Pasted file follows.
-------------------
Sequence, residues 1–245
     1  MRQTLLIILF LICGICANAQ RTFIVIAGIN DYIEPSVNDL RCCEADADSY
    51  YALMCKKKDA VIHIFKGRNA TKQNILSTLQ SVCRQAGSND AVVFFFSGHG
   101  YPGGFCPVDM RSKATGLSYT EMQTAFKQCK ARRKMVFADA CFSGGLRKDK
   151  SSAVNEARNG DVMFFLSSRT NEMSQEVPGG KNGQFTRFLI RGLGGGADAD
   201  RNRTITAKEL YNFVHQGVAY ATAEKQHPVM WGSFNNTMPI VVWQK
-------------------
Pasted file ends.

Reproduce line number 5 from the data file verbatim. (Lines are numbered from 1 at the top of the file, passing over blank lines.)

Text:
   151  SSAVNEARNG DVMFFLSSRT NEMSQEVPGG KNGQFTRFLI RGLGGGADAD